Avoidance sectors are regions along the arc rotation that the dosimetrist has specified that no dose be deposited. During treatment, the gantry will rotate as normal through an avoidance sector, but the console screen will show a dose rate of zero. The dose rate will return once the gantry exits the avoidance sector.
For the example shown above, using a partial arc from ‘181° to 345°’ may suffice, but having the arc also rotate from ‘125° to 179°’ will result in a tighter dose carve to spare the brainstem and improved midline coverage of the PTV. Instead of using two separate partial arcs, you can use a full arc with an avoidance sector from ‘345° to 125°’. This can be achieved in the optimizer by selecting plan information and inputting the arc rotation length. Avoidance sectors can also be used in areas of high artifact such as a prosthesis in a prostate plan even after manual density corrections.
Using a full arc with an avoidance sector ‘345° to 125°’ will result in a shorter treatment time compared to using two separate partial arcs of ‘181° to 345°’ and ‘125° to 179°’ due to the downtime between moding fields. Additionally, using two partial arcs is technically equivalent to one rotation around the patient, but plans will commonly necessitate at least two rotations around the patient, e.g., ‘CW 181° to 179°’ and ‘CCW 179°-181°’. Thus, the number of partial arcs required will double the number of desired rotations. Lastly on a minor note, using avoidance sectors will save time for the department as a whole as it means less fields for IMRT QA and chart checking, and also reducing unnecessary cost (patient billed per dose calculation) onto the healthcare industry.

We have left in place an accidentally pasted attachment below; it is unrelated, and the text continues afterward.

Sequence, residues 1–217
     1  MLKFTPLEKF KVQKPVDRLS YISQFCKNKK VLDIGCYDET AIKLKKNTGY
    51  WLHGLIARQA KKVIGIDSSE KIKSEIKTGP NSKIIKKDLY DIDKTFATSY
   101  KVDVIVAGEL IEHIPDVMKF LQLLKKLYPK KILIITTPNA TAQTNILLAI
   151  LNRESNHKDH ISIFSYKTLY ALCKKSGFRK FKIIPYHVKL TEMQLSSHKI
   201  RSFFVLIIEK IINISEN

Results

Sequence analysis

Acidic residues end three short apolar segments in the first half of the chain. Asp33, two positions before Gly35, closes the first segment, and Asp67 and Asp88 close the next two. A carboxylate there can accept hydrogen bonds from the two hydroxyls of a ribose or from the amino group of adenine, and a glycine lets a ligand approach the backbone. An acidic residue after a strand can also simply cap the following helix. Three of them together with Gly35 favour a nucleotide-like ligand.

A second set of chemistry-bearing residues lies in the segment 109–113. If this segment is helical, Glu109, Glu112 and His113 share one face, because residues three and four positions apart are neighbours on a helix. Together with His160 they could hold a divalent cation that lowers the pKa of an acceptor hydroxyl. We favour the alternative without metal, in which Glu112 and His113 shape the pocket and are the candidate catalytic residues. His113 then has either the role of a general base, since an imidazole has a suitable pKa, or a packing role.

Avoidance sectors should be used with caution as its major concern is associated with clearance. If the isocenter, when aligned to the PTV, is set off midline with a high enough table top, the gantry can collide with the couch as it rotates around the contralateral side. Shifting the isocenter more midline and posterior can reduce clearance issues, but be aware that large shifts away from the center of the PTV can result in dosimetric consequences as well. In the case that isocenter shifts cannot be made and full arcs with avoidance sectors cannot clear, using partial arcs can be the method of choice. Using the example from above, the therapists will set up the patient up as normal and treat the partial arc from ‘181° to 345°’. The therapists will re-enter the room and shift the couch laterally away from region of collision and then manually move the gantry to 125° to clear the couch. They will then shift the couch back to its initial position, and resume treatment to treat the partial arc from ‘125° to 179°’.
Refer to the link below for more information on optimization: